School building cash gap expected for councils

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Ceiling of school building
Image caption,
Councils meet 30% of the cost, while the assembly government pays the rest

Figures suggest the assembly government's biggest ever school building project may not be affordable.

A funding shortfall of hundreds of millions of pounds is expected as councils submit plans to bring school buildings up to scratch.

BBC Wales found more than half of councils had a "wish list" totalling £2.86bn, but council leaders warn of "significant disappointment".

The assembly government said all plans would be "evaluated".

Its entire budget for education building projects over the next three years is £478m but it has not said how much money will be available for the 21st Century Schools programme.

Friday is the deadline for councils to put forward their proposals for the school building scheme.

This can involve everything from brand new school sites to upgrading existing facilities.

All 22 Welsh councils have surveyed schools. Councils must find 30% of the money for new schools, while the assembly government must provide 70%.

From those that have so far responded to BBC Wales' survey, initial requests for funding - from 2012 to 2015 - total £815.4m.

The programme is a partnership between the assembly government and the Welsh Local Government Association (WLGA).

Chris Llewelyn, director of lifelong learning at the WLGA, said it was "safe to say" there would be disappointment for schools.

"We know that capital is being cut by 14% for the forthcoming year and we expect to see further cuts so it's reasonable to assume there will be significant disappointment," he said.

A report this summer found school buildings were in a poor state following "weaknesses" in the management of the investment programme.

Monmouthshire council would like a new school for Caldicot comprehensive, which was built in the 1950s.

That would cost £39m alone, which is around a quarter of the assembly government's entire budget for education building projects in any of the next three years.

Head teacher Susan Gwyer-Roberts said: "Looking after the fabric of the buildings takes away funds which would go into teaching and learning."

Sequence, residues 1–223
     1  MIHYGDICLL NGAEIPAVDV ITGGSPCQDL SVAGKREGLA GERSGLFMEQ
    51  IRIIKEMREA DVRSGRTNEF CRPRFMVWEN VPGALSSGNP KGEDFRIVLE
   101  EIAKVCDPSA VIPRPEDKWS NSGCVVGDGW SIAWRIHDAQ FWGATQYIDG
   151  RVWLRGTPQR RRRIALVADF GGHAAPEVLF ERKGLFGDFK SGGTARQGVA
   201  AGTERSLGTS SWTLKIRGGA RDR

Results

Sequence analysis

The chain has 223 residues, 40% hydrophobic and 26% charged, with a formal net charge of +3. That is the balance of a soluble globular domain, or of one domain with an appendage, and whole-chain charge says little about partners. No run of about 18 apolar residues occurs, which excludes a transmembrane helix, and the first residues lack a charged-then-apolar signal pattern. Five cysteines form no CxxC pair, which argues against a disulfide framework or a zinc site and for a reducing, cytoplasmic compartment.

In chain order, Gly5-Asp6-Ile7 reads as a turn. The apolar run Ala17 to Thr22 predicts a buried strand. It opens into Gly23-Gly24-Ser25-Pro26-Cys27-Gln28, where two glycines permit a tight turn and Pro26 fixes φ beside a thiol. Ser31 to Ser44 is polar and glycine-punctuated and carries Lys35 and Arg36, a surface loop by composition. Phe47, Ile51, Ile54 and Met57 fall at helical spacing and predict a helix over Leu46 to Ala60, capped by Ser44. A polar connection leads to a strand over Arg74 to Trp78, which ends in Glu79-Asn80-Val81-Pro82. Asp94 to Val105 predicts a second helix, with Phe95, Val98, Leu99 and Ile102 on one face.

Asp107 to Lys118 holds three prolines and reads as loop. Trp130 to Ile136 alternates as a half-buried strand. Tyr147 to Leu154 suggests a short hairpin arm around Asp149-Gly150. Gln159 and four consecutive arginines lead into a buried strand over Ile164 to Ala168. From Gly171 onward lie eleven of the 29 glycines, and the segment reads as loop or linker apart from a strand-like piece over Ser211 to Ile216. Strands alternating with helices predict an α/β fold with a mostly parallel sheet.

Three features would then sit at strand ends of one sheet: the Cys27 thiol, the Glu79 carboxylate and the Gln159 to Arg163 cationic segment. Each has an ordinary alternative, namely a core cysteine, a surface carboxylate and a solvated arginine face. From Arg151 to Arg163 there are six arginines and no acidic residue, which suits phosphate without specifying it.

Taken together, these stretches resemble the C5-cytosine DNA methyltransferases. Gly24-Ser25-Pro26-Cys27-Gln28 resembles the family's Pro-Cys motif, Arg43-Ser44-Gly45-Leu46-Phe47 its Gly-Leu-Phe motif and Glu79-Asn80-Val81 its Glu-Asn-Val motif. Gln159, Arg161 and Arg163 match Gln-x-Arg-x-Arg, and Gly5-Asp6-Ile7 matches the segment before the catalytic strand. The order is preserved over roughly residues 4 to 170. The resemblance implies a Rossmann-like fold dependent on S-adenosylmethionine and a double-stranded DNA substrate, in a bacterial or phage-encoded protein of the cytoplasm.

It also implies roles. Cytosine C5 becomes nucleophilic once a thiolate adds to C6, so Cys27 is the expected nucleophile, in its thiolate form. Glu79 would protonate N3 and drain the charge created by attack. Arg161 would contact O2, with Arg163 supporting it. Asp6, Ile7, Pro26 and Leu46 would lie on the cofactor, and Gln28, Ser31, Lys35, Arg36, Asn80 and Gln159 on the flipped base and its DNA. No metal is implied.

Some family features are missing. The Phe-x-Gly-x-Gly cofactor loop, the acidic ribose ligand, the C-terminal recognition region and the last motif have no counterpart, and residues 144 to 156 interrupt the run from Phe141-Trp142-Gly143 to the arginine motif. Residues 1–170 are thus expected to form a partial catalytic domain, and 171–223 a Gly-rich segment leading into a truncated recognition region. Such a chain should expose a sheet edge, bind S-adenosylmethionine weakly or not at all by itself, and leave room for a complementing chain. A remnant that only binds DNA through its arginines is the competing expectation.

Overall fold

Liz Hackett Payne, Monmouthshire council's cabinet member for children, young people and learning, said: "First of all, our main aim of everything was to raise standards.

"After that, we wanted to listen to what the young people had to say to us - what did they want from their schools. This came into our 21st Century Schools Programme."

An auditor general's report this summer, based on an audit in 2008-09, looked at whether investment in school buildings had been managed "to best effect".

It found there was a long way to go before all school buildings were "fit for purpose", but said many pupils and teachers had benefited from a "much improved working environment".

The assembly government said the 21st Century Schools programme was more than just a funding scheme and was about "creating the right learning environments for children alongside improvements to teaching and learning".

'Feedback provided'

"The programme will bring together resources and expertise to create the right schools in the right places across Wales - a sustainable system for the future, meeting a 21st Century school standard," said a spokesperson.

Councils have been asked to submit strategic plans by Friday, which will then be "evaluated and feedback provided".

"Following this, discussions with authorities will take place to develop a strategic long-term programme of investment against the background of the priority and readiness of the projects and in the context of the funding available.

"We anticipate that announcements will take place in summer 2011."

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